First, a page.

Your first rodeo with WordPress

  1. Taylor59

    I viewed Matt's 2012 and 2013 State of the Word addresses and both years he mentioned the attrition rate of WP.
    I think a quick start guide would be a good idea for new users.
    It could be something like,
    Your First Rodeo with WordPress or
    Your Quick and Dirty guide to WordPress
    or Down on the Farm with WordPress.
    It could be info available after the installation process and it would only be 5-8 pages long. Make it downloadable incase new user wants to save/print it to follow along.
    It could highlite all the most basic settings to get your blog/site up and running.
    Then as they were using it, if they wanted to get more indepth, there could be links to the setting to learn more.
    Each setting could have an associated item: For example if a rodeo theme was chosen, the site would be the arena. A cowboy could represent the user, the bull would be the appearance setting, the rodeo clown could represent the pages etc....
    The documentation is stellar now but there is so much there it is hard to know where to start. Even the topics Getting Started and New to WP contain so much for a new user.
    This user guide would be designed to get the new user up and running and not get discouraged and walk away.
    Thank you.

    Posted: 4 years ago #
  2. marsmith

    1) Matt who? I'm new, but without a username or link to his post, I'm lost. I would, however, like to follow your reasoning, so I would like to know where this post can be found.

    2) I'm new, but not new to computing.
    The single best thing for usability: Make the documentation halfway close to real documentation, for any enterprise software.
    A good example: I just read a few documentation pages that discussed features that I know recently changed (in new releases). Yet none of these doc pages are time stamped, e.g., "Date last changed:______" or "Applies to Releases 3.5, 3.6". That a user cannot double-check doc version to software version makes it largely unusable.

    Posted: 4 years ago #
  3. Ipstenu (Mika Epstein)

    Matt generally means 'Matt Mullenweg'

    State of the Word 2013: http://wordpress.tv/2013/07/29/matt-mullenweg-state-of-the-word-2013/

    You can extrapolate where 2012 is ;)

    We're working on Documentation. there's a whole volunteer team.

    Posted: 4 years ago #
  4. Taylor59

    Thanks Ipstenu!!
    Yes, Matt is definitely Matt Mullenweg
    Didn't realize there was a volunteer team working on this. I would be interested in keeping track of how this is going or somehow being involved.
    Thanks again for your reply to my post.

    Posted: 4 years ago #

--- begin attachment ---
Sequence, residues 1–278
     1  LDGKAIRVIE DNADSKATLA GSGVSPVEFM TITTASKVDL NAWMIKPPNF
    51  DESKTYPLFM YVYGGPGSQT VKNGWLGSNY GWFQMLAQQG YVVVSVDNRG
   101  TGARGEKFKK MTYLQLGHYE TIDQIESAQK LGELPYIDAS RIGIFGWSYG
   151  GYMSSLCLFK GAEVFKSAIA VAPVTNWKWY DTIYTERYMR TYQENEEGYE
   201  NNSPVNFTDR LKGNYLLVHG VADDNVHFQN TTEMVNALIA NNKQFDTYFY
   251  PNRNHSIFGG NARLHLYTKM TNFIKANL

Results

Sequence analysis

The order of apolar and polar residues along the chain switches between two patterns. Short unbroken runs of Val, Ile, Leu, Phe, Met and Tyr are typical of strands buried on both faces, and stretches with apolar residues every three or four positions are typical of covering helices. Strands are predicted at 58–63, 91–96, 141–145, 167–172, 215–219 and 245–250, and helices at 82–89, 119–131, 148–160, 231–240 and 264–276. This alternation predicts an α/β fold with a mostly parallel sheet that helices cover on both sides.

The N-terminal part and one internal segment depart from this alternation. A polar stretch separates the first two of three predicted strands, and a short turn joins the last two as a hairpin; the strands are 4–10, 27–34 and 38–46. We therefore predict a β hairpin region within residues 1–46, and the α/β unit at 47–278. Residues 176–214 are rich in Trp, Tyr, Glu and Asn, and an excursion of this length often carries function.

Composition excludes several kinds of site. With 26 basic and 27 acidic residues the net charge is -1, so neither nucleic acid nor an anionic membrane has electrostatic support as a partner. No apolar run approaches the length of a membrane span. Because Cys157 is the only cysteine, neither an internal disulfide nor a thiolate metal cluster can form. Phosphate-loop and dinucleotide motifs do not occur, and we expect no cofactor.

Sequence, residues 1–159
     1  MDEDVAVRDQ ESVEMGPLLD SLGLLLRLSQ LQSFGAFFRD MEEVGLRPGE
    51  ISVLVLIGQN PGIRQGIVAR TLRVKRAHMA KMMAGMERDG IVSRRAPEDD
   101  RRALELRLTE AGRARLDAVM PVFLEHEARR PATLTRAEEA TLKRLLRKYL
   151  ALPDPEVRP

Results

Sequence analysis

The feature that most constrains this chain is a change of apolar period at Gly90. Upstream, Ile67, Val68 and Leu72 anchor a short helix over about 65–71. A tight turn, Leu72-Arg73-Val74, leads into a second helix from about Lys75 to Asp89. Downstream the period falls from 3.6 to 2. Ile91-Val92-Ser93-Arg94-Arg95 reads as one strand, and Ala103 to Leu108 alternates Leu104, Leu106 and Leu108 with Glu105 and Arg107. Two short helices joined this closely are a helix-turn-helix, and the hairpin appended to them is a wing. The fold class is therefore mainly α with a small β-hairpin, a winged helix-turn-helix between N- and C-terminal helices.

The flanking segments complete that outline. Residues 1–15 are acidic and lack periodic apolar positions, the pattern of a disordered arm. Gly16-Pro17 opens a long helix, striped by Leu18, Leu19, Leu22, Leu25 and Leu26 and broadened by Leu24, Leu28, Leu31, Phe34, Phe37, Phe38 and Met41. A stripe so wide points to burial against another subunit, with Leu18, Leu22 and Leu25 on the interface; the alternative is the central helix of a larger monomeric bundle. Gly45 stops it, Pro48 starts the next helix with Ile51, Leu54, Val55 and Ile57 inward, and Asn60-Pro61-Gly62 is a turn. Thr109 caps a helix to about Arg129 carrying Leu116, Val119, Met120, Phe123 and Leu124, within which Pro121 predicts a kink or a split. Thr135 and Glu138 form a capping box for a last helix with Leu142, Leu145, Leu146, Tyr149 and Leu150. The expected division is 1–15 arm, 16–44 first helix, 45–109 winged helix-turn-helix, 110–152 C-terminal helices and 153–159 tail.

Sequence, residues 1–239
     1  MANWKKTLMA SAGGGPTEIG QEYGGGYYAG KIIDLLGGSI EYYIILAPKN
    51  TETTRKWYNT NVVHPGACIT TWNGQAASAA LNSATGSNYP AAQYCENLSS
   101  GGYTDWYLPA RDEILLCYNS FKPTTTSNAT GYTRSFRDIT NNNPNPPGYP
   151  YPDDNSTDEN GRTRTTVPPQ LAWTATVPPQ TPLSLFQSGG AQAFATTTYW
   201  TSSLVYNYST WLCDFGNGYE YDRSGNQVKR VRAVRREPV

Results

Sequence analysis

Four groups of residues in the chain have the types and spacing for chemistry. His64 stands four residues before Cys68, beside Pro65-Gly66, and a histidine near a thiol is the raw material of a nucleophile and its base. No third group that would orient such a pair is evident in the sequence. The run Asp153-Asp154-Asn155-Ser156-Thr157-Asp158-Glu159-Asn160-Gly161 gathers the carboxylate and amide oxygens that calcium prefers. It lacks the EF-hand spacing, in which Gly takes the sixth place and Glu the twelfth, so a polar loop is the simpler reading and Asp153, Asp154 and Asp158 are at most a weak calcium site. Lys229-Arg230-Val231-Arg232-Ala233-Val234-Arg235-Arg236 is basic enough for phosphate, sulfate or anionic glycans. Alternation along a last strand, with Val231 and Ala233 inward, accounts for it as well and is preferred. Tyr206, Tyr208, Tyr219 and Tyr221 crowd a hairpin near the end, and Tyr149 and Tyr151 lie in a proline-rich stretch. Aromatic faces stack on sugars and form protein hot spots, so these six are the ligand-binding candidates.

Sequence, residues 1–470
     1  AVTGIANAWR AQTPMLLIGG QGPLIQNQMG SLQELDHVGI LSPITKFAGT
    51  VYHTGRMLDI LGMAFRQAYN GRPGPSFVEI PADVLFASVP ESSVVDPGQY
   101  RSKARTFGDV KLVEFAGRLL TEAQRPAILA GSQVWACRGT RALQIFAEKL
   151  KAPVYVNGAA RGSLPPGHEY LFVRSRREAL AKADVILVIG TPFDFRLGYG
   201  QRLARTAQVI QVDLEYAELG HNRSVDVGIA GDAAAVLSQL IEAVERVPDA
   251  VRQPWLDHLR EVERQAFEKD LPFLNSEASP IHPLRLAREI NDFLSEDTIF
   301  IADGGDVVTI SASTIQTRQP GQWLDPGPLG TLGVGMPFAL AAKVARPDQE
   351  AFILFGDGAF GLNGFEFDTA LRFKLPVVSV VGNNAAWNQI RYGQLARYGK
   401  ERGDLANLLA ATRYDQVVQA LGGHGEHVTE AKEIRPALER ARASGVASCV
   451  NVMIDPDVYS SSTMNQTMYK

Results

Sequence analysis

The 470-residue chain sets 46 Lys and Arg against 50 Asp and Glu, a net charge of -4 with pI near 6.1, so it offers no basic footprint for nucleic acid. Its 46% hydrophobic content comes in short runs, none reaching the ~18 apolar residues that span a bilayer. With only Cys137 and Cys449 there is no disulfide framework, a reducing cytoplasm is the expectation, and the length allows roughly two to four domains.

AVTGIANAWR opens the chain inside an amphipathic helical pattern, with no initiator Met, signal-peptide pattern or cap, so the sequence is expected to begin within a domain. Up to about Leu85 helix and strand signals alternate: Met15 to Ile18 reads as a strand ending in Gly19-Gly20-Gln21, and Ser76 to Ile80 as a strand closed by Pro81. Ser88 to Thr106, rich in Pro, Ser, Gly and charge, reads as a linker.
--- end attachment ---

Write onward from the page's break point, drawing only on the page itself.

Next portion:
5. Ipstenu (Mika Epstein)

    Come on over to http://make.wordpress.org/docs :)

    Posted: 4 years ago #
  6. marsmith

    Thanks to those who responded for making me feel welcome.

    Re: "Come on over to http://make.wordpress.org/docs :)"

    I wouldn't rule that out.

    I'm a rare bird in one respect--I'm an ex-product manager and (currently a) marketing guy who doesn't hate writing doc. I actually volunteered a couple times to write "small" (100-page) manuals, when I worked in enterprise software product management. However, I'll wait until I actually know something substantive about WordPress before giving advice.

    However, I would like to ask one question now, to get a feel for the lay of the land.

    The short version of my question:
    Does whoever it is that controls the WP source tree require the sort of information at code check-in that "real" companies like Oracle do?


    I've seen enough already to conclude that applying a few best practices could make a big difference. But the changes I have in mind aren't possible if what I've seen so far is representative of the general state of things for WordPress.

    Specifically, in a couple of V3.6 instructional videos I've seen, the presenters have been surprised by new V3.6 behavior i.e., different from V3.5. I assumed that there wasn't was a place where all the user-visible changes are cataloged. I reasoned that, if such a source did exist, surely the instructors would have done their job, perusing that source prior to cutting the video.

    My conclusion was easy to make. It's hard enough when developers are getting paid for their work to get them to document user-visible changes. Open source must be worse, I reasoned.

    On the other hand, the instructors in the videos I watched could have been lazy...

    So, what's the situation?

    Are developers required, as part of code check-in, to leave enough info lying about? Or must someone seeking to improve documentation first resort to software testing to cull the raw information required to merely START writing?

    Mark Smith

    Posted: 4 years ago #

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    This idea is under consideration